Tuesday, 1 October 2013

King Lear

Old Vic
29 September 2013

Joss Ackland as Lear. 
Oddly humorous version of the great tragedy that was unfortunately maimed by its circumstances, but still managed to express some interesting points.

What with this and the geriatric lovers in the current Much Ado About Nothing, the Old Vic is aptly named. In a fit of naturalism that would have seemed insane even during that movement’s heyday a hundred years ago, we finally have a Lear who is significantly over 80, and a Gloucester who is about the same age.

This was a one-off reading of the text, not a full performance, to benefit the worthy Motor Neuron Disease Foundation, tackling a disease that usually afflicts people in their 60s. Quite a few of the cast appeared to be over 60 (I haven't checked).

So it seems appropriate to record a few observations about age, ungallant though that may be. Put simply, the actors nearing 90 experienced difficulties an order of magnitude greater than those nearing 70. The latter were roughly as energetic as those in their 20s, though I imagine doing a reading would help with that.

Thankfully they didn’t simply stand around reading the text. No less than Jonathan Miller directed them, though greater kudos must go to whomever cast this piece.

Given the restricted conditions, the casting took on enormous significance, and was masterful, with the exception of Lear and Gloucester. Even there, to the extent possible to disregard infirmity, the casting was strong.

Joss Ackland has an impressive voice, and has a sensitive response to the text, so that there were flashes of what might have been a great Lear had he only been a few years younger. As it was, the torrents of denunciation and rage that we associate with the King were broken up and the performance never really gripped attention as it must.

Which was not a fault only of age, but of the ‘reading’ approach. Every speech was broken by glances at the text. If a radio performance gives us the words clearly, at the expense of visual accompaniments, this was the reverse.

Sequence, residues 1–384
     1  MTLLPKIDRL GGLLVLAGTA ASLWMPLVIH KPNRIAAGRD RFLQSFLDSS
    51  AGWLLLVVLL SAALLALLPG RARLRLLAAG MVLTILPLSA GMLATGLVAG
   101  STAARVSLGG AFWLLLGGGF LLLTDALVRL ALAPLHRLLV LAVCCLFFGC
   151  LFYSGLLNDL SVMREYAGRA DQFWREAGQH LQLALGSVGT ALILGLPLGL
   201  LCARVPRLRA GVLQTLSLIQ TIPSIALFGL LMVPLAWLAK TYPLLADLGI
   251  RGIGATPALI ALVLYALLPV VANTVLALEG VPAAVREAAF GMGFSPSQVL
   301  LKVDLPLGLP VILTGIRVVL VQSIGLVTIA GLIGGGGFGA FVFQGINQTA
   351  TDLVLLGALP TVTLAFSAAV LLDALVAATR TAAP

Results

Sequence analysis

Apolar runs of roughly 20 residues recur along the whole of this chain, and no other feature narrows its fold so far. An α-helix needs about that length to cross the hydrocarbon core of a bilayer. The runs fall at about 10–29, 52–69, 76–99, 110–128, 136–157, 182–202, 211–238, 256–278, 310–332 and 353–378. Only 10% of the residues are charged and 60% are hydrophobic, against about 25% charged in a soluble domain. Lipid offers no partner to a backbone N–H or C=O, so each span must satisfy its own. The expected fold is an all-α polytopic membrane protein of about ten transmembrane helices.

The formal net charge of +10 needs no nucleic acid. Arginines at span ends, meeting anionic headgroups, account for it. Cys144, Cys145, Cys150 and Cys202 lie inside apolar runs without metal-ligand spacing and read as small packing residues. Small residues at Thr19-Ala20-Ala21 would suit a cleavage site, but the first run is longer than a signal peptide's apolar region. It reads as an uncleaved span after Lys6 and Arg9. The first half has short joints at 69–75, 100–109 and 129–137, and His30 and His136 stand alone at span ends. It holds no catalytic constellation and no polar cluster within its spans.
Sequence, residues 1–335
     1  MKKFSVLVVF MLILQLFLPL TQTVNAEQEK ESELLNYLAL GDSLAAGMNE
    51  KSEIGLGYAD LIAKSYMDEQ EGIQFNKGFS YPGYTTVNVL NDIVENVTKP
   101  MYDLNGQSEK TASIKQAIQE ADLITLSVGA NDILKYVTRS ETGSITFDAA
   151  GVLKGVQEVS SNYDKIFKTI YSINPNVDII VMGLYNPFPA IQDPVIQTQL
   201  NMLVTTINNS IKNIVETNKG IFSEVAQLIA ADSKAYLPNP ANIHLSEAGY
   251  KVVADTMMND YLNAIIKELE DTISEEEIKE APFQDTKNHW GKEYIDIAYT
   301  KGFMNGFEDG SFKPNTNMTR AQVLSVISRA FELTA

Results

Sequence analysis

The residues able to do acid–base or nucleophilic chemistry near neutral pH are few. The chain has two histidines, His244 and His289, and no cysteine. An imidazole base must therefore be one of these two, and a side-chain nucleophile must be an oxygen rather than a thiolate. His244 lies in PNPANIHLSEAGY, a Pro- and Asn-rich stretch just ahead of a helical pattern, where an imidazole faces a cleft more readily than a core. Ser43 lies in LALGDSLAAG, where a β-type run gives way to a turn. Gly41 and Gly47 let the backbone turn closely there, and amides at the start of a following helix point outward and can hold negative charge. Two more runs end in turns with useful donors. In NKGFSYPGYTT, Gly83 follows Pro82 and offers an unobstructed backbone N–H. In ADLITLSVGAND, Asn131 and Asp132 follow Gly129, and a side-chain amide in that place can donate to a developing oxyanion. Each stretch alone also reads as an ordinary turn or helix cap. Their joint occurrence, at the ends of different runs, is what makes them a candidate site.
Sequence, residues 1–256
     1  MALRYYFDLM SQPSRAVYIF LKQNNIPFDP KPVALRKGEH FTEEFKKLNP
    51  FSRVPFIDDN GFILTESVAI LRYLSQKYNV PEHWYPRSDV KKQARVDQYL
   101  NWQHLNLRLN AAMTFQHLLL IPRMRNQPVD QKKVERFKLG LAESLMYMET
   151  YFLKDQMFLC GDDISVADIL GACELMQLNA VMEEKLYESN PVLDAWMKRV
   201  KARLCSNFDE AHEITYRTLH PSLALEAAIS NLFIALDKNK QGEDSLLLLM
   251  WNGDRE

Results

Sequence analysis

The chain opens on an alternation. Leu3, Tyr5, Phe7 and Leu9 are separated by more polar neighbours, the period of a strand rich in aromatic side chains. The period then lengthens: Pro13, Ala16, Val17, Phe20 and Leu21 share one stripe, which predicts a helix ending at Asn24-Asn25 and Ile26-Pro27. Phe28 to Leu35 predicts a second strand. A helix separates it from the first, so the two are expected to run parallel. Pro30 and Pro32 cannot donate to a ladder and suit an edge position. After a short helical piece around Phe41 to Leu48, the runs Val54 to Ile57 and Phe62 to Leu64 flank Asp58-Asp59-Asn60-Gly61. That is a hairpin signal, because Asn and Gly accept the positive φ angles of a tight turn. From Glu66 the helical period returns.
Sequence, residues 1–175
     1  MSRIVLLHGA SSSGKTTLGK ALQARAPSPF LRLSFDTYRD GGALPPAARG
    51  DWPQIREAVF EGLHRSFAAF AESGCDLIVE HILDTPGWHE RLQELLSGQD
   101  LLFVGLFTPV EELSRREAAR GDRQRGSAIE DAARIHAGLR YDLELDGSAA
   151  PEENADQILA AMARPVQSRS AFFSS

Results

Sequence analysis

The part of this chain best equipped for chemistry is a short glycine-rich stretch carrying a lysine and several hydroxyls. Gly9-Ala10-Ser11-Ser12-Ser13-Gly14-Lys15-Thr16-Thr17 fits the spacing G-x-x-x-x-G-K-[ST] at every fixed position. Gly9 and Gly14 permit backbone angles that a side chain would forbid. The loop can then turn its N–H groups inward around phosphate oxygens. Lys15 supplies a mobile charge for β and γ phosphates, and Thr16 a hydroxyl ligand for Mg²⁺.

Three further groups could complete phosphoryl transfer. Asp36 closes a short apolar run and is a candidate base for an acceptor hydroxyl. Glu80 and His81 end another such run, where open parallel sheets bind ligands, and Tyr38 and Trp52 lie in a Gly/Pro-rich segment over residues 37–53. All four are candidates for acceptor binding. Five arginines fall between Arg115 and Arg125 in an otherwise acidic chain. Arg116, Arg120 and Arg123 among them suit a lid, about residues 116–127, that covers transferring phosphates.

Of all Shakespeare, Lear benefits most from a stripped down production, as it haunts so much of modern drama, most obviously Beckett. What was curious about this production was the obvious humour Miller injected into it. Or perhaps it wasn’t intentional, but he must have known the comings and goings would generate laughs.

Even Edmund’s death, occurring offstage, raised a laugh, at a point when the tragedy is highest. This wasn’t as disruptive as you might imagine. Dark humour and tragedy are brought side-by-side in so much Shakespeare, but I haven’t noticed it working so well as here.

That said, casting Tony Robinson as the Fool was a mixed blessing. He is humorous without effort, and seemed fully on top of the role but he raised laughs from the indulgent audience at lines that either weren’t intended to be funny or were so obscure (as so much is in this drama) that I for one didn’t understand the joke.

There are so many great roles in this drama that there is not enough space to comment on everyone, though every cast member, even the bit parts, brought something interesting to their roles.

Aside from Lear himself, the other key role is Edgar, the man who will succeed him, though that wasn’t obvious in this production. The contrast between youth and age, though, can never have been more explicit, and this was fascinating in itself.

Tam Williams, in his underwear for around half his scenes, and in particular his scenes with the wheelchair-bound Ackland, could have been speaking Chinese and would still have made the greatest visual impression of youth and vitality. As it was, he handled the vocal side ably too, though true authority resides in Lear, whatever virtues Edgar has.

Everyone else was excellent. If only this had been a fully rehearsed production, it might even have overcome the central problem of old age.

To end on a high note, the drama still packed a terrible, awful punch in its final scene.

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